Or I’ll see some bad driving, notice the driver is Asian, (Are they also of colour? That doesn’t work because everyone who is not white is of colour, which seems racist to me) and I’ll think to myself “Their driving is terrible, they are also Asian, but it’s probably not because they’re Asian that their driving is terrible, I bet there are Asians who drive well also.” Racist!
I have noticed bad driving from non-Asians before and I haven’t thought to myself “Their driving is terrible, they’re also white…” I just think “What did you do that for, idiot?!”
I’m so racist that I even congratulate myself for not discriminating against myself for my Jewish heritage. Many people over the years have hated on the Jews, but I don’t. I’m so open minded and loving of all people that I even love the quarter of myself that is Jewish.
I haven’t quite figured out how to stop being a racist. Because I want to keep loving races. Running races, and political races, but mainly human races, who are, you know, part of the human race. It’d be silly to pretend that all races are the same, and that Pacific Islanders aren’t generally built to play rugby better than say, me. Or that Asian babies aren’t often very cute, or that Latinos can’t dance better than me and it may be because of their DNA (I’m sure that’s science).
I don’t want to be so politically correct that I don’t care about what colour people are. I do care what colour a person is, because colours are good. I would rather a person’s race, or colour, or background, or gender, or sexual orientation were not seen as an opportunity for me to congratulate myself on how I treat people who appear to be different to me. I would prefer to just enjoy all the ways their differences make the world richer, because their differences are not about me.
But I may never learn how to do that, because I’m a racist.
I wrote this a few weeks ago and have been sitting on it. Probably not to overwhelm my readers with too many posts. Now however, you get to read my sappy new love post.
I know that a few of you (women readers) have requested a sappy love post. Which I guess I’m willing to oblige. But only because I’m currently in the early stages of romance, and willing to do stupid things that my future cynical self will regret.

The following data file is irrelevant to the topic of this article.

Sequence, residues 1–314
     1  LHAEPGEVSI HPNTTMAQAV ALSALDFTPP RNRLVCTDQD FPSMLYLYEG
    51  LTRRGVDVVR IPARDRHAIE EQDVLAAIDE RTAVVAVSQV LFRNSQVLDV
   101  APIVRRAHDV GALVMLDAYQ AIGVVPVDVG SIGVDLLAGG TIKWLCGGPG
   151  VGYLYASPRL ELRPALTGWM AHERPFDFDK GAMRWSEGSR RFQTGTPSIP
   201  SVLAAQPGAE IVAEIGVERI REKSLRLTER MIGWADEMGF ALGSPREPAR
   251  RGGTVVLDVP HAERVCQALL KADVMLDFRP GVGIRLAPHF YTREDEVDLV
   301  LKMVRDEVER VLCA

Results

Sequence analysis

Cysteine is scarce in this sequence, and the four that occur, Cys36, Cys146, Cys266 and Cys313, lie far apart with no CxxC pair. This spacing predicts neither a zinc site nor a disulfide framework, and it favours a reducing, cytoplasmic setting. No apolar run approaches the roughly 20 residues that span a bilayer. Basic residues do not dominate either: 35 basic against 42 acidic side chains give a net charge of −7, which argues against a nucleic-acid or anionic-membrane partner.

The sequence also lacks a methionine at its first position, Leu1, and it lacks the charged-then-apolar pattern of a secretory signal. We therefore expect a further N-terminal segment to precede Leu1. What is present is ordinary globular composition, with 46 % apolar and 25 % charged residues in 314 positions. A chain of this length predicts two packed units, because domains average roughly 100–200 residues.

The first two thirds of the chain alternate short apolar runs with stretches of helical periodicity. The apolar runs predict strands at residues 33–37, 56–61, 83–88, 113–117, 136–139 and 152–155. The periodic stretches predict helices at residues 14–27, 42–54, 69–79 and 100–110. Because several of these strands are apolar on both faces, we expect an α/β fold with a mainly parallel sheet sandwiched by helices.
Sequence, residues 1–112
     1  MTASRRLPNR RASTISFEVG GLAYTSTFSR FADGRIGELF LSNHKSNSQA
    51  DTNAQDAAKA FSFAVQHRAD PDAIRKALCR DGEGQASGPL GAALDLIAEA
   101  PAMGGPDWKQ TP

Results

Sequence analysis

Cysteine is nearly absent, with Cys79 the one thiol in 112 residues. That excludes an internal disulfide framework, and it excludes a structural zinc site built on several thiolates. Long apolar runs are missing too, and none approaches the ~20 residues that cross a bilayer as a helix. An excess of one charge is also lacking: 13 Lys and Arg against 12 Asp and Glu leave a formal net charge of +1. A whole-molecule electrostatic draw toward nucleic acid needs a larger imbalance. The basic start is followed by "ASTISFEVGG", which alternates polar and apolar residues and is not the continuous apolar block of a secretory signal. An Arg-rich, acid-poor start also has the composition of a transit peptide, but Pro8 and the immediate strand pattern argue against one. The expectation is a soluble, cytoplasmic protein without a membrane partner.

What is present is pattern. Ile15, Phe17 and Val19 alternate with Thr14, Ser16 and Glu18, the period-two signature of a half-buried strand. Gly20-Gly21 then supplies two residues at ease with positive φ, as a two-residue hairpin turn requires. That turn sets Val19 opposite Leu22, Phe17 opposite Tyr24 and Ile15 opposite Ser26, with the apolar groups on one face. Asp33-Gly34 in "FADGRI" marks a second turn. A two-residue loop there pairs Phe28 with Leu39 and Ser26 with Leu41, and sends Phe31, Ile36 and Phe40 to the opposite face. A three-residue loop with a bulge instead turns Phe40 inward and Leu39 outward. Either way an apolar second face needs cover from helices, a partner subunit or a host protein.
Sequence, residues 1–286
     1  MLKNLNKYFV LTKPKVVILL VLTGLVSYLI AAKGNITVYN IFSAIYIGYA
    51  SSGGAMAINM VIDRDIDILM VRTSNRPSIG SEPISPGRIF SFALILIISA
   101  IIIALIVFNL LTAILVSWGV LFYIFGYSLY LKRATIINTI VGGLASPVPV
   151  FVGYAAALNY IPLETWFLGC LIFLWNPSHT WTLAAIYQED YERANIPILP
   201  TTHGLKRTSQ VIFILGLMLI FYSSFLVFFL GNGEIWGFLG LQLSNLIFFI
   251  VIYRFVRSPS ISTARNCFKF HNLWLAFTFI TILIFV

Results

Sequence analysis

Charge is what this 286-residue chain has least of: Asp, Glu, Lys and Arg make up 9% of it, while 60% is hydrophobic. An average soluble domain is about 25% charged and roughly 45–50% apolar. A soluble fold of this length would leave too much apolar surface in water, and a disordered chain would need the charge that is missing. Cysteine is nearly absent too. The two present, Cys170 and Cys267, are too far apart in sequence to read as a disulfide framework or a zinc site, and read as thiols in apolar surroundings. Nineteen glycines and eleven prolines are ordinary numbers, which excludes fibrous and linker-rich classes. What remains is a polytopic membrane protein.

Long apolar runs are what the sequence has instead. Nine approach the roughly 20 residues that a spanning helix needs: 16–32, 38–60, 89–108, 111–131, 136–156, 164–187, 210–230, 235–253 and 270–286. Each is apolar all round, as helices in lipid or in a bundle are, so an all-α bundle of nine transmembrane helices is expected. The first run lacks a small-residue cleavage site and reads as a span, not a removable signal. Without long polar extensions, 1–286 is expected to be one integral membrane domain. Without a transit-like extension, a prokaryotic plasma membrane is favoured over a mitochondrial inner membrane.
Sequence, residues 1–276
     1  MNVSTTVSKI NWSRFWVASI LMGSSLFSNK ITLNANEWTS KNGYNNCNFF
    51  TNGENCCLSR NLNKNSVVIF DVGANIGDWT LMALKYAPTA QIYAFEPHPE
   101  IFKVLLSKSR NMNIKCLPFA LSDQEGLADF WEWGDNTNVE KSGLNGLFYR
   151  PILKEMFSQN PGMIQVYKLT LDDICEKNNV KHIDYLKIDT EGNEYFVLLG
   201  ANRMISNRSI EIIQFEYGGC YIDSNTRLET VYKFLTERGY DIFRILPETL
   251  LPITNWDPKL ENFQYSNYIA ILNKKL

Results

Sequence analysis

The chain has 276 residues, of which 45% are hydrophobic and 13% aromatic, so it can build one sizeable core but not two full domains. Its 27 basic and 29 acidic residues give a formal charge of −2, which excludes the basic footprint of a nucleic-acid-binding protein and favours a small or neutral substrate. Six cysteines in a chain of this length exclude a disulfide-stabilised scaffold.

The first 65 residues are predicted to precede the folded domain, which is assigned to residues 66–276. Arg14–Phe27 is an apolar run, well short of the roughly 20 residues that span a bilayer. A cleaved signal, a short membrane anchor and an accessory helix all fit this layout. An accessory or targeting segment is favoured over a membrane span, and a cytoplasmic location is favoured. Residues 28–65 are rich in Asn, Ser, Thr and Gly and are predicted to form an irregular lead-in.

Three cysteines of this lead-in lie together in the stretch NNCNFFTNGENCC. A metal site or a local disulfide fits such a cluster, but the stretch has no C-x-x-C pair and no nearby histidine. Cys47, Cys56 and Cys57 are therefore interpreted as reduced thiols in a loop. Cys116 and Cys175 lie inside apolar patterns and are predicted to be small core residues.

However I’m not really all that keen on telling you everything there is to know about my lady friend and how we got together. That may be a story for another day. But probably it’ll just be a story for real life.
But I will tell you what I’m finding interesting about being in a new relationship.
A lot of what I’m finding interesting is how much singleness tempered my view of my life. Somewhere along the way I moved from being reluctantly willing to be single if it was God’s will, to being willing to be single, to planning my life and shaping my relationship to the world around my singleness.
I spent less and less time preparing myself for being in a relationship, and more and more time training myself to be content in Jesus. Which is a worthy pursuit for any person really. But I was doing it especially in regards to relationships. I would remind myself of the benefits to God’s kingdom of singleness. And would think about how to be a productive single in the world, especially where most Christians my age are married and procreating and managing their procreations.
All this means that now I’m in a relationship, it’s taken me completely by surprise. Usually any voluntary significant life shift is preceded by thinking, planning, deciding and committing. This felt more like “There’s a girl, she’s great, we like each other, we’re gonna go out, we’re going out, wahoo! Oh, I’m not single anymore.” Now I’m left trying to sort out how you do this relationship thing when I’ve spent the past few years of my life trying to do the singleness thing.
However while I say I hadn’t thought much about being in a relationship I had spent a lot of time thinking about marriage. Over the past few years I’ve done a lot of sermons on sex, I’ve preached at a lot of weddings, and I’ve done a few bits and pieces on singleness. This has meant that I’ve been thinking a lot about marriage. How does one do marriage? What’s its purpose in God’s plan? Is it good? How do you celebrate marriage as a single person?
Seeing as I’ve had that also in my head, I now see that a lot of my paradigm for dating comes out of my view of marriage. If the role of the man in marriage is to love his wife as Christ loves the church then my role in dating is to mirror that love in an appropriate way. To serve my girlfriend as Christ has served me.
Right now, it’s not too hard. At least it seems to go alright from my end. I’m so excited about her that I’ll do anything. Nothing is a chore. Everything is an honour. And she can do almost no wrong. So serving, and loving, they’re easy.
I know that this state of new love though will not last. Unless we’re the most extraordinary couple in the history of the world, things are going to get harder at some point. So I’m excited about establishing the habits of love and service now that will find their true worth when my selfishness is trying to assert itself in the relationship.